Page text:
We claim:

1. An air regenerating canister comprising a rectangular housing having front and back walls connected by side walls and end walls, the housing being provided with an inlet-outlet port in one end and with an opening in each side wall adjacent the opposite end of the housing, a transverse partition in the housing extending from side to side thereof adjacent said openings but between them and said port, the partition extending rearwardly from said front wall to form a short chamber between said openings that is defined by said partition and front and back and side walls and the nearest end wall, a long chamber being formed by the rest of the housing between the partition and said port, the housing being provided at the back with a passage past said partition for connecting said chambers, an air purifying and oxygen producing chemical bed in said long chamber between said passage and port, at least the major portion of said bed being spaced from said front and back walls, the space in front of the bed communicating with said port and the space behind the bed communicating with said passage, an oxygen candle in said short chamber, and manually operable means outside of said housing for igniting the candle.

2. An air regenerating canister according to claim 1, said inlet-outlet port being adjacent the front wall of the housing, the canister including a perforated plate in said long chamber engaging said partition and inclined backwardly therefrom to a point behind said port, the plate having tapered side flanges spacing it from the front wall, a filter mat engaging the back of the plate, a first screen engaging the back of the mat, a second screen spaced behind the first screen with said chemical bed between them, a filter mat behind the second screen, an inclined perforated plate engaging said partition behind the second mat, and a spring between the back plate and the back wall of the housing and pressing the back plate forward.

3. An air regenerating canister according to claim 2, the canister also including molecular sieves between said chemical bed and screens.

4. An air regenerating canister according to claim 1, said inlet-outlet port being adjacent the front wall of the housing and opening into the adjacent end of the space between the chemical bed and said front wall, the canister including perforated means holding said bed spaced from the font and back walls.

5. An air regenerating canister according to claim 1, said inlet-outlet port being adjacent the front wall of the housing and opening into the adjacent end of the space between the chemical bed and said front wall, the canister including perforated plates substantially coextensive with the front and back of said bed, one of said plates having side flanges spacing it from the adjacent canister wall facing that plate, and resilient means compressed between the other plate and the canister wall facing it and urging them apart.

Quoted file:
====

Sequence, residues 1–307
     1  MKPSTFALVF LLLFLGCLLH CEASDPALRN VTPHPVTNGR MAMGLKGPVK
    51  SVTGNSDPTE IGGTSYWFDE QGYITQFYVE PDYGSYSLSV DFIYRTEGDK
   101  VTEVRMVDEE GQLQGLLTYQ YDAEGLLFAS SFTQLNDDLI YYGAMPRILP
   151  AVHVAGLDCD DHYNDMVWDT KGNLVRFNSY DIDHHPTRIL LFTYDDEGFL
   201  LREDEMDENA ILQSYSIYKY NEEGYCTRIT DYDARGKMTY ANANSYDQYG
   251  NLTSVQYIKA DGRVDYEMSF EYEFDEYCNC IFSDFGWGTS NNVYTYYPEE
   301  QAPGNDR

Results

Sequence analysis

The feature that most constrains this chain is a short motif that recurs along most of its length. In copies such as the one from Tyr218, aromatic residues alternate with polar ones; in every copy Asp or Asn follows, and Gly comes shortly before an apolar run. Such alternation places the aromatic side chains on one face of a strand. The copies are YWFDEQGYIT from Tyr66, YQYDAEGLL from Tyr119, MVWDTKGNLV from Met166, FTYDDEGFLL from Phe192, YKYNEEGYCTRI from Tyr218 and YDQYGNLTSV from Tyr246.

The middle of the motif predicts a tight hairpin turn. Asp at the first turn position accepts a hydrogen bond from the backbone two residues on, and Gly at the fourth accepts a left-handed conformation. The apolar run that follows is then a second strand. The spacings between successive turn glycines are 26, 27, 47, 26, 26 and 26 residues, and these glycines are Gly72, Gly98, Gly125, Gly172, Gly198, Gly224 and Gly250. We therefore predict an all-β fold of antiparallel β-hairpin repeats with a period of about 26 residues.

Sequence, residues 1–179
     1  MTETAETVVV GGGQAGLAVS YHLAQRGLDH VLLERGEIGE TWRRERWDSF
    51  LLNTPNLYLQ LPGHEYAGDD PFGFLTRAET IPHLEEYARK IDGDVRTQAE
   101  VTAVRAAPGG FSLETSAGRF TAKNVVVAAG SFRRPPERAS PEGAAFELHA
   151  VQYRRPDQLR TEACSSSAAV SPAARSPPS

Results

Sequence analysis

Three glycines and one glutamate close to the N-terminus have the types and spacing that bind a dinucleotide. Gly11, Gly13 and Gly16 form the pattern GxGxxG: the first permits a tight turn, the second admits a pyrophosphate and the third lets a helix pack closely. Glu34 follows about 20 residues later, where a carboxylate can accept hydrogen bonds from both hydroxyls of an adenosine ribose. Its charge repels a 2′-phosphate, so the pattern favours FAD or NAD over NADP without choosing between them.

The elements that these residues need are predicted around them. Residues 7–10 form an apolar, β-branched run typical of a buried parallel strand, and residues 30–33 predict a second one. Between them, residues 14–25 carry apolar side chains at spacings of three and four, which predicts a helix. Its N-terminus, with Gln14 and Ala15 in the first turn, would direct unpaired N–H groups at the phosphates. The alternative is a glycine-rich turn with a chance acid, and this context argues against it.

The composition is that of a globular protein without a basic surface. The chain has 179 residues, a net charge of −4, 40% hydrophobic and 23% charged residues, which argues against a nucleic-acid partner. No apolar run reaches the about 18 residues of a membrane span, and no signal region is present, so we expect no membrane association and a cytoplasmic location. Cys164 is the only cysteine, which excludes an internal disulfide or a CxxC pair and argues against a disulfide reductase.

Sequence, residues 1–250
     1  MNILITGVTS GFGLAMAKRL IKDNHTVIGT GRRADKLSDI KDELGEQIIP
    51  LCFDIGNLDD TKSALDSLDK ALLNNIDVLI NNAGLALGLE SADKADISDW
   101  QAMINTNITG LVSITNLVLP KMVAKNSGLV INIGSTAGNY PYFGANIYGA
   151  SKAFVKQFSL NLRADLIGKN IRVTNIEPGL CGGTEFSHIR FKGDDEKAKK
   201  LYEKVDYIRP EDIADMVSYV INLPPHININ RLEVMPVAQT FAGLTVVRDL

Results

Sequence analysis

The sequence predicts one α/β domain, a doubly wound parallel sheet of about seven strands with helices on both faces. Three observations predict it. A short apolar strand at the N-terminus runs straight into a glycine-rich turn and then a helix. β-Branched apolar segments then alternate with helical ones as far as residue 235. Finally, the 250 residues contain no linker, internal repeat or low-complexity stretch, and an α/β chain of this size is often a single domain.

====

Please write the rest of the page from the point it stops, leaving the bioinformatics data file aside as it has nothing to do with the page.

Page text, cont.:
Patent Citations
Cited PatentFiling datePublication dateApplicantTitle
US2004243 *Jan 11, 1929Jun 11, 1935Ig Farbenindustrie AgMethod of and means for operating breathing apparatus
US2403981 *Nov 1, 1939Jul 16, 1946Mine Safety Appliances CoBreathing apparatus
US2758015 *Jun 12, 1953Aug 7, 1956Mine Safety Appliances CoQuick starting oxygen producing apparatus
Referenced by
Citing PatentFiling datePublication dateApplicantTitle
US3742683 *May 3, 1971Jul 3, 1973Mine Safety Appliances CoOxygen producing unit with cooled casing
US3767367 *Nov 29, 1971Oct 23, 1973Air LiquideIndividual respirators containing compositions based on potassium superoxide
US3942524 *Nov 8, 1974Mar 9, 1976The United States Of America As Represented By The Secretary Of The InteriorEmergency breather apparatus
US3976063 *Sep 16, 1974Aug 24, 1976The Bendix CorporationEscape breathing apparatus
US4019507 *Sep 24, 1975Apr 26, 1977Dragerwerk AktiengesellschaftProtective breathing device having a filtering apparatus and additional oxygen supply for emergency use
US4020833 *Jun 21, 1976May 3, 1977Harold RindMetallic superoxide, carbon dioxide absorber
US4039620 *Apr 25, 1975Aug 2, 1977A-T-O Inc.Endothermal carbon dioxide absorption
US4112048 *Oct 26, 1976Sep 5, 1978Werner MascherAir-regeneration filter
US4133309 *May 13, 1977Jan 9, 1979Minnesota Mining And Manufacturing CompanySorbent material and a respirator containing the sorbent material
US4164218 *Dec 9, 1977Aug 14, 1979Midori Anzen Company, Ltd.Personal escape breathing apparatus
US4205673 *Feb 5, 1979Jun 3, 1980Mine Safety Appliances CompanyBreathing apparatus with an automatic firing mechanism
US4325364 *Dec 26, 1978Apr 20, 1982Coal Industry (Patents) LimitedTraining breathing apparatus
US4409978 *Jun 1, 1981Oct 18, 1983Portable Air Supply Systems, Corp.Portable, self-contained breathing apparatus
US4461291 *Jul 24, 1980Jul 24, 1984Werner MascherRespirator
US4548730 *Jul 5, 1983Oct 22, 1985Koslow Technologies CorporationPortable self-contained oxygen generator apparatus and method
US5495847 *May 17, 1995Mar 5, 1996Hu; WeiSurvival hood
US5759242 *Jul 23, 1996Jun 2, 1998Praxair Technology, Inc.Radial bed vaccum/pressure swing adsorber vessel
US6432172 *Mar 7, 1996Aug 13, 2002Ptrl East, Inc.Method of treating symptoms of panic attacks
DE2519045A1 *Apr 25, 1975May 13, 1976Lockheed Missiles SpaceNotbeatmungsgeraet
Classifications
U.S. Classification422/122, 423/230, 55/518, 128/202.26, 423/579
International ClassificationA62B7/10, A62B19/00
Cooperative ClassificationA62B7/10, A62B19/00
European ClassificationA62B19/00, A62B7/10